Nick Chubb, RB, Cleveland
Many experts have been high on Nick Chubb as a player for the upcoming year — despite some glaring red flags. Others see the red flags at the cost of picking Nick Chubb at the start of the second round of drafts. Some experts advocate picking up a tight end like Travis Kelce, or one of the elite wide receivers (such as Julio Jones) at that price. Those same experts advocate that outside the Top 4 running backs, value can be found in the third- and fourth-round where the same could not be said at receiver and especially tight end.
Others also point to Chubb’s disappointing receiving production and the structure of the Freddie Kitchens offense which are major red flags against his price tag. He also falls into the same statistical trap I’ve discussed in a prior article with George Kittle. The majority of his production comes from the AFC West and Atlanta, which have become a free-for-all with running back and tight end production. Yes, Cleveland has the privilege of playing Cincinnati twice a year but his production against Pittsburgh and Baltimore was poor. After receiving the majority of the snaps, his stat lines were 18 rushes for 65 yards against Pittsburgh and nine rushes for 24 yards against Baltimore. His best game of 20 rushes for 176 yards and a touchdown with a receiving line of three catches for 33 yards and a touchdown came against the 32nd-ranked Atlanta defense with multiple injuries. His impressive game with a line of three rushes for 105 yards and two touchdowns came against the AFC West’s Oakland, and his line of 20 rushes for 100 yards came against Denver. He ran for a line of 22 rushes for 85 yards and a touchdown against Kansas City’s terrible run defense also. After looking at his stats against more neutral game scripts such as those against Carolina (13 rushes, 66 yards, TD) and Pittsburgh (18 rushes, 65 yards), it is difficult to suggest he is worth a second-round pick. The return of Kareem Hunt in Week 9 only hurts his cause more.
The removal of Duke Johnson should help his receiving production a good amount and playing the AFC East will provide good, but not great game scripts. If you want the same production for a lower cost, you could draft Aaron Jones in the third or even better Chris Carson in the fourth round. Aaron Jones plays the poor defenses of the AFC West this year and Chris Carson can run all over his division.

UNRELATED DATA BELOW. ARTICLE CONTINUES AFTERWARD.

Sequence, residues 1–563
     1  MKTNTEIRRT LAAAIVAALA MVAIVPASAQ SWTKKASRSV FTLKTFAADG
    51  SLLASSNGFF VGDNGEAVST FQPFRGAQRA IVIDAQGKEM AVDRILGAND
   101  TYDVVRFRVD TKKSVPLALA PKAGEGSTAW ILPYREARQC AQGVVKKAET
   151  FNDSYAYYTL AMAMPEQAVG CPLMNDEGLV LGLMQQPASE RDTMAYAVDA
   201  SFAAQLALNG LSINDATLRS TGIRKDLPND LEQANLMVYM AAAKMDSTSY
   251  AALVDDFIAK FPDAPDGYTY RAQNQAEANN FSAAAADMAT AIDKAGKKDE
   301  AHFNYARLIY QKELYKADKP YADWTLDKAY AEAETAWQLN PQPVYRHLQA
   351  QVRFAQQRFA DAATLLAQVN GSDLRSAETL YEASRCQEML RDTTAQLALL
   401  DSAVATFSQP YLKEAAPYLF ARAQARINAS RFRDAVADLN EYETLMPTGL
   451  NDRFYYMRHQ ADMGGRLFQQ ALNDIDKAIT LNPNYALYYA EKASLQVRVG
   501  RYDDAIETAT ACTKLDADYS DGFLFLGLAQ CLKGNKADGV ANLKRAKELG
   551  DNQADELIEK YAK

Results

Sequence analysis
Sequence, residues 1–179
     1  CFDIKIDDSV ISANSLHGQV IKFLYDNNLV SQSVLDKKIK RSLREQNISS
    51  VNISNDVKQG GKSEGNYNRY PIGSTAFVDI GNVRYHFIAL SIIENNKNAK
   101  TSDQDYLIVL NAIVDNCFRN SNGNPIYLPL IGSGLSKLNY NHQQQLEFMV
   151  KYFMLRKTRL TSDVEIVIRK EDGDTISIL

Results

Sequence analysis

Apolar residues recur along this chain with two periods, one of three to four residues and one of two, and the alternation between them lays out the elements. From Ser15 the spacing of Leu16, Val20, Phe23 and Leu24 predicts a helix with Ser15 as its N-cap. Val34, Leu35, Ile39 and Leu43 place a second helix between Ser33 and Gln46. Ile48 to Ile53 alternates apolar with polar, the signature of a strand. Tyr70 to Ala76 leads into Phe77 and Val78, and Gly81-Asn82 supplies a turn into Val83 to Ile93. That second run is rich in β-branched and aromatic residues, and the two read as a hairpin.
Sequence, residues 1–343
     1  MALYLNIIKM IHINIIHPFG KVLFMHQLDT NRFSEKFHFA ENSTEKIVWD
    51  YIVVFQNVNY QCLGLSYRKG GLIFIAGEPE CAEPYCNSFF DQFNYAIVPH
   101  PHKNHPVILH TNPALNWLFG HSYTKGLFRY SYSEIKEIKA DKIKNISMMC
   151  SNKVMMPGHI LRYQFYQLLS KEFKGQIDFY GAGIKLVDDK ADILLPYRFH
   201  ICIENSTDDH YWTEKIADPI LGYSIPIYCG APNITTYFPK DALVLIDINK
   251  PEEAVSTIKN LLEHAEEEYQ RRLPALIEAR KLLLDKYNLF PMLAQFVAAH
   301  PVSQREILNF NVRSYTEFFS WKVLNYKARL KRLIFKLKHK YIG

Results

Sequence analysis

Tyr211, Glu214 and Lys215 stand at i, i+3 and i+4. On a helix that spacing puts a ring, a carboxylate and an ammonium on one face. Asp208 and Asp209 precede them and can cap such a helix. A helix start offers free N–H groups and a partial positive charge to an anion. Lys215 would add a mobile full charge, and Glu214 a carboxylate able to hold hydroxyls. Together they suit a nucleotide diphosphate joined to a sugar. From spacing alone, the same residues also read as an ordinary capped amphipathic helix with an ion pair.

Snagging one of the elite tight ends or wide receivers would set your team apart even more than if you drafted Chubb. Overall, the risk is too high for a second-round pick.
Dalvin Cook, RB, Minnesota
Cook falls into a similar trap as discussed above where his ceiling and especially his floor are not worth a second-round pick when you could pick up a very safe tight end or wide receiver. Cook is even riskier than Chubb is because he has never seen 20 carries in a year with the new offensive coordinator. On top of that, he has had only two rushing touchdowns and two receiving all year, and so far has to be treated as an injury risk. Cook has the disadvantage of also having a low ranked offensive line to try and run with. Cook could easily boom as he has the fifth-easiest schedule for running backs and plays the NFC East and West. Latavius Murray could have been a major thorn in his side for goal line work but he has moved on.
The downside is immense as he has only started 14 games in two years while battling one injury after another. He is like the Sammy Watkins for running backs where he will tease nice production whenever he can play. He had some very nice games his rookie year in terms of production but last year only had one good game. Both of his rushing touchdowns came against Miami with a stat line of 19 rushes for 136 yards and two touchdowns (to go with 27 receiving yards). Besides that game, we have to really project his production to the 2019 year as his best lines are 16 rushes for 73 yards with three catches for 35 yards against Detroit and nine rushes for 84 yards with eight catches for 22 yards against New England. He has shown to be very efficient with these carries but even his best games show poor volume overall for a second-round pick. Against Green Bay, he had a line of 10 rushes for 29 yards to go with three receptions for 47 yards and a touchdown. That is a good game to gauge a neutral game script against at home. Just 80 total yards and 13 total opportunities is not a good line for a second-round pick. Like discussed above, you should consider Travis Kelce, Odell Beckham Jr., Julio Jones or Michael Thomas instead. Marlon Mack even provides a safer floor with his force-fed production and great offensive line. Like many experts say, it is hard to win your draft in the first two rounds but you could certainly lose it.